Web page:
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GrubStreet, Boston-area writing center of ‘Who Is The Bad Art Friend?’ says it’s launching a review after NYT story

GrubStreet and Porter Square Books are sharing a new space in the Seaport.Pat Greenhouse/Globe Staff

GrubStreet, the Boston-area creative writing center attended by two writers embroiled in a years long plagiarism dispute, said Tuesday it will investigate after a viral story by The New York Times detailed the spat.

In “Who Is The Bad Art Friend?” the Times dissected the legal battle between Sonya Larson and Dawn Dorland that has ensued after Dorland accused Larson of plagiarizing a Facebook post she wrote in a short story. Both Larson and Dorland attended readings and workshops at GrubStreet, according to the Times.

“Bluntly, we are appalled by the disconnect between GrubStreet’s stated values and the alleged behavior by some that has come to light,” the statement read. “GrubStreet is meant to be a nurturing and supportive environment for all, a place where our creative work can thrive, and where we are each treated with care and respect. The events described in the article do not describe the environment we strive to create for everyone in our community.”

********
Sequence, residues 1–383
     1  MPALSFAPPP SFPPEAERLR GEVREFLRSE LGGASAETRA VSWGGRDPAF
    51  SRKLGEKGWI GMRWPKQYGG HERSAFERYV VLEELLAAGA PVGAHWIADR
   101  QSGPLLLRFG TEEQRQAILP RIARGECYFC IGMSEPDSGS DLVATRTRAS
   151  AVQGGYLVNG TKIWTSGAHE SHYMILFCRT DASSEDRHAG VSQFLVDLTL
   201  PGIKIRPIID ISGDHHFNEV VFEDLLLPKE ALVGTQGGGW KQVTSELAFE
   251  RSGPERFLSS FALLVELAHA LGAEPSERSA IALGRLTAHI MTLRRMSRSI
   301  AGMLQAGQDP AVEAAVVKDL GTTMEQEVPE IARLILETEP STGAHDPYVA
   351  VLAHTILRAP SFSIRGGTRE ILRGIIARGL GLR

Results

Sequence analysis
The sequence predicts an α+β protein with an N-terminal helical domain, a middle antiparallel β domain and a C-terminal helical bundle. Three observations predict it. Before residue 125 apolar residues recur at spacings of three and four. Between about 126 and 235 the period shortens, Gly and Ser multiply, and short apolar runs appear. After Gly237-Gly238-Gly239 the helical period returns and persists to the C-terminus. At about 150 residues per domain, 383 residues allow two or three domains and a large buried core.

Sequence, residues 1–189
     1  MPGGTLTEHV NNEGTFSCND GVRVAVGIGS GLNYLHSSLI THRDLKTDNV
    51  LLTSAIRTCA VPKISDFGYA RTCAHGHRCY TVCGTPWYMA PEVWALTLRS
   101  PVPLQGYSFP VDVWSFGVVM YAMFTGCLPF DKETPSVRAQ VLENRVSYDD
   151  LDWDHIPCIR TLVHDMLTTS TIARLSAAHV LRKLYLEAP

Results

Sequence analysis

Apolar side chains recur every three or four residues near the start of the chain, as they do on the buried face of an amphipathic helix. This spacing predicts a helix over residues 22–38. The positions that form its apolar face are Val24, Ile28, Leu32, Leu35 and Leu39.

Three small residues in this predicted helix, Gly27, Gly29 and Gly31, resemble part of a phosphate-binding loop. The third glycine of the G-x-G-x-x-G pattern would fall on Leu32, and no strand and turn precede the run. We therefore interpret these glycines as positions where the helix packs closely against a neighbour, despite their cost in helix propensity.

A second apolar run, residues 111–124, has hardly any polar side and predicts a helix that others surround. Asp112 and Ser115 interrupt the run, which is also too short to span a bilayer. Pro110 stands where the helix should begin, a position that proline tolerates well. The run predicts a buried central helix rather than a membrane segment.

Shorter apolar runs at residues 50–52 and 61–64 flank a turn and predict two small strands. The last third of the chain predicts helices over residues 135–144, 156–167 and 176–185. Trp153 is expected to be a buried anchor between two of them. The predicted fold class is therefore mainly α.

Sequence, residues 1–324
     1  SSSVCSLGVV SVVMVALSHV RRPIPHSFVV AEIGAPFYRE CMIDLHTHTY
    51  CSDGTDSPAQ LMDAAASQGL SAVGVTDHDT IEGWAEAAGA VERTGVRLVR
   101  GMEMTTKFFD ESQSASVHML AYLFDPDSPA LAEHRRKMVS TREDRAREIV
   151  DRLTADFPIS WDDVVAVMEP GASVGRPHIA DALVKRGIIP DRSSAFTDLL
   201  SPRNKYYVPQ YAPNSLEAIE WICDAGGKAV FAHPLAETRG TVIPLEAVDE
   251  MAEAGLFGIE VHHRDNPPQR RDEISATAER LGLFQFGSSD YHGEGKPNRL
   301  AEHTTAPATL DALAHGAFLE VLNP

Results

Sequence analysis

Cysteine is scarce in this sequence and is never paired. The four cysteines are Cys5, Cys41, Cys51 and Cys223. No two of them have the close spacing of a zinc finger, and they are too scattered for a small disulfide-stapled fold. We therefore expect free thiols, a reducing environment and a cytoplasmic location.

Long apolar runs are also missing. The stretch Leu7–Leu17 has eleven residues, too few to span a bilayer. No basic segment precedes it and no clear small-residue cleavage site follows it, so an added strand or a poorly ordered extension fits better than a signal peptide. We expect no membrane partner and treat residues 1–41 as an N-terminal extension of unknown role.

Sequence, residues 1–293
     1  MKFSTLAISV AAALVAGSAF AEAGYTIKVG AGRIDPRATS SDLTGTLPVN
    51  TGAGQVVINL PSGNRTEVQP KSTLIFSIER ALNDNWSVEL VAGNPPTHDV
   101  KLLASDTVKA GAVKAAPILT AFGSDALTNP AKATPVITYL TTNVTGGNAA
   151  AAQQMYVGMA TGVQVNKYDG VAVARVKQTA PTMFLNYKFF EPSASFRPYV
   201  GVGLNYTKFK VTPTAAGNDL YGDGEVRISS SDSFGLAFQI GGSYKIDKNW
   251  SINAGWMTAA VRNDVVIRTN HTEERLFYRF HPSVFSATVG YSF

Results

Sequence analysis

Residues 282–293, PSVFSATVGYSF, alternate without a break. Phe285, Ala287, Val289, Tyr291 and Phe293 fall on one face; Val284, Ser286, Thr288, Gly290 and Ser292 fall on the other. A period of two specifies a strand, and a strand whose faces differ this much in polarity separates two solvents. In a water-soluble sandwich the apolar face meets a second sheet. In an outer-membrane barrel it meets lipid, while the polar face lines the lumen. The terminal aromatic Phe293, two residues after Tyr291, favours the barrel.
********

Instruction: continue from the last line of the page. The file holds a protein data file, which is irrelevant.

GrubStreet is hiring an expert to investigate the events, the statement continued.


“Recognizing that objectivity is paramount, we are engaging an independent expert to lead a process to gather information and conduct a full review of what happened,” the statement said. “Our community’s health depends on being grounded in high ethical standards and a culture where we can respectfully engage and embrace different perspectives in an inclusive manner.”

In 2015, Dorland chose to donate one of her kidneys — not to a specific recipient, but rather to someone on a transplant list who needed the organ. In a private Facebook group of friends, family, and writers from GrubStreet, she chronicled the journey, including at one point writing a letter to the recipient. Dorland claims Larson plagiarized that letter in the short story “The Kindest,” and she embarked on an extensive, still-brewing legal course to attain acknowledgment that a similar letter in Larson’s story contained Dorland’s words.


Larson maintained that Dorland’s kidney donation served as a point of inspiration for a story but said that the work is fiction, has an entirely different plot, and has denied plagiarizing the post.

“The Kindest” was set to be distributed to Boston residents as part of the Boston Book Festival’s One City One Story event in 2018 before Dorland escalated the legal proceedings, prompting the festival to cancel the event altogether.

GrubStreet’s statement comes after the Times piece ricocheted across the Internet, eliciting a number of opinions on the limits of artistic inspiration, the lengths to which a person can go to undermine someone else’s work, and the dynamics of a white woman seeking credit for the work of a woman of color in a story of white saviorism, among other topics.

Amanda Kaufman can be reached at amanda.kaufman@globe.com. Follow her on Twitter @amandakauf1.